Coverage of opioid substitution therapy
A programme’s ability to deliver opioid substitution therapy among people who inject drugs as a method of directly reducing injecting frequency. The target coverage is 40%.
Opioid substitution therapy represents a commitment to treat opioid dependence and reduce the frequency of injecting, preferably to zero. It is the most effective, evidence-based public health tool for reducing use among the people who inject opioids. Opioid substitution therapy provides crucial support for treating other health conditions, including HIV, tuberculosis and viral hepatitis.
Number of people who inject drugs and are receiving opioid substitution therapy at a specified date
Number of opioid-dependent people who inject drugs in the country
For the numerator: programme records: for example, opioid substitution therapy registries
For the denominator: size estimation exercises
Biobehavioral surveys can collect this information but are often biased by an inclusion criterion of being a “current injector”, whereas people receiving opioid substitution therapy “should” not be injecting anymore.
- Gender (male, female and transgender)
- Age (<25 and 25+ years)
- Cities and other administrative areas of importance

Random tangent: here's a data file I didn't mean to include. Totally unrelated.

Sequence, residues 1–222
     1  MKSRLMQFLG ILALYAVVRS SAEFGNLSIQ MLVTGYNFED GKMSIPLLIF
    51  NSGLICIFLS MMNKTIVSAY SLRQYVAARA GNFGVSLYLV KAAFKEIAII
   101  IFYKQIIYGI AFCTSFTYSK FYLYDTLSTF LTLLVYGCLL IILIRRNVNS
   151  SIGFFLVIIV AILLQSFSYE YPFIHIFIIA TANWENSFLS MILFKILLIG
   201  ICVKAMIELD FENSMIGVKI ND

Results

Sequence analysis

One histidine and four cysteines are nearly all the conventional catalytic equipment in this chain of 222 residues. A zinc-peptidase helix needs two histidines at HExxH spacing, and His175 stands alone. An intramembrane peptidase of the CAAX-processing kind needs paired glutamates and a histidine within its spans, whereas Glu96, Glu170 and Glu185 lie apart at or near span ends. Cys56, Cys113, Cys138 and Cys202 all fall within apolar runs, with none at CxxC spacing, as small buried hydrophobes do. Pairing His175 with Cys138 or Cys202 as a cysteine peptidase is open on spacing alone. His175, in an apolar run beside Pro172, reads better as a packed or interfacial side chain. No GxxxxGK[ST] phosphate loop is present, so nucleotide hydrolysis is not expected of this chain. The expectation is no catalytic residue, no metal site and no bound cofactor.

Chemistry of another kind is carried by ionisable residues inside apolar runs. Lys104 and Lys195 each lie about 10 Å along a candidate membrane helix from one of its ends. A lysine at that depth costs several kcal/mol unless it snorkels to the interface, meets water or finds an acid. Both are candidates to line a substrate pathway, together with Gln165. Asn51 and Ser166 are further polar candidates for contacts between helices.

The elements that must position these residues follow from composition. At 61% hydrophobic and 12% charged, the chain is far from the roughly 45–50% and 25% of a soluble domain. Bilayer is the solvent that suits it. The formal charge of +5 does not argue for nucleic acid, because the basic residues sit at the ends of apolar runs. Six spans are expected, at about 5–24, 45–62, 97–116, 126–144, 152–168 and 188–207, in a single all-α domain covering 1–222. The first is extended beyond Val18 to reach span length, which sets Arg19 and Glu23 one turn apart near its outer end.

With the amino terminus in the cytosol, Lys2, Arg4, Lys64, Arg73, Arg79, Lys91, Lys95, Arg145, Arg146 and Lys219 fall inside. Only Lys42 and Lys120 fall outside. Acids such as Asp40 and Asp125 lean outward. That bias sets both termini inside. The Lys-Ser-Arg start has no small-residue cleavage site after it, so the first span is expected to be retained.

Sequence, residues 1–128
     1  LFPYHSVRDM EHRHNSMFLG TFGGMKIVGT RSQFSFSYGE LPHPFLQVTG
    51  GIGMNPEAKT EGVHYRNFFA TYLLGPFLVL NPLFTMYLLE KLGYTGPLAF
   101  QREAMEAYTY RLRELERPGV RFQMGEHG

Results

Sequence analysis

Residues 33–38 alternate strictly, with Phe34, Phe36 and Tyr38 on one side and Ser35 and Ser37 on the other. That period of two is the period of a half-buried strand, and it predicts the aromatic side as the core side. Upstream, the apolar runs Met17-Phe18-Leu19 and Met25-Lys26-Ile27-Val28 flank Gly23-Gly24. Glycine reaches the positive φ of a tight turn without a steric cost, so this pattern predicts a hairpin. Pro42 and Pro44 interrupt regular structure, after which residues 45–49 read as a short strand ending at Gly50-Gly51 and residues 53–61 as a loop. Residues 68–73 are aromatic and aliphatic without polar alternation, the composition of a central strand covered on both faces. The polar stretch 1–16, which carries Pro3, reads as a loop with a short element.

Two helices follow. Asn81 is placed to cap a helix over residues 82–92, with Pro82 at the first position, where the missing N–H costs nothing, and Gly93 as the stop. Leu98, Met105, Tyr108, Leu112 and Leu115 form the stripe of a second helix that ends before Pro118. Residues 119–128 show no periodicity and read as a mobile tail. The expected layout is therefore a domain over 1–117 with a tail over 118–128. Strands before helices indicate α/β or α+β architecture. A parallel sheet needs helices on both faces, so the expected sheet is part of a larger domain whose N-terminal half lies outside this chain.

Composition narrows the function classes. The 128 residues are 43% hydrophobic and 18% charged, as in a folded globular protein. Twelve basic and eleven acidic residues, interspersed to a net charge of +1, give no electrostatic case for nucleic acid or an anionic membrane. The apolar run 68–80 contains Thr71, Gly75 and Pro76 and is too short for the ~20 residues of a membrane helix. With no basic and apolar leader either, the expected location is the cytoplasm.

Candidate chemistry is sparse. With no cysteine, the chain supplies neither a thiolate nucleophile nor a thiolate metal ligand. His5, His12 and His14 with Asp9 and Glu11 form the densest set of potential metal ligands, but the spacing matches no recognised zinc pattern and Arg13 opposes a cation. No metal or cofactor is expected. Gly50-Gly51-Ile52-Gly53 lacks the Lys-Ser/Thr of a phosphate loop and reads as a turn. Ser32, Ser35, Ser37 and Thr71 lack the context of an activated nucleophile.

If there are subnational data available, please provide the disaggregation by administrative area, city, or site in the space provided. Submit the digital version of any available survey reports using the upload tool.
The population size estimate used as the denominator should be appropriate for the numerator; not all opioid substitution therapy recipients have a history of injecting and not all people who inject drugs use or are dependent on opioids.
WHO, UNODC and UNAIDS. Technical guide for countries to set targets for universal access to HIV prevention, treatment and care for injecting drug users. Geneva: World Health Organization; 2012 (http://www.who.int/hiv/pub/idu/targets_universal_access/en/index.html).
For a proposed complete set of globally agreed indicators for people who inject drugs, see: People who inject drugs [website]. Geneva: World Health Organization; 2016 (http://www.who.int/hiv/topics/idu/en/index.html)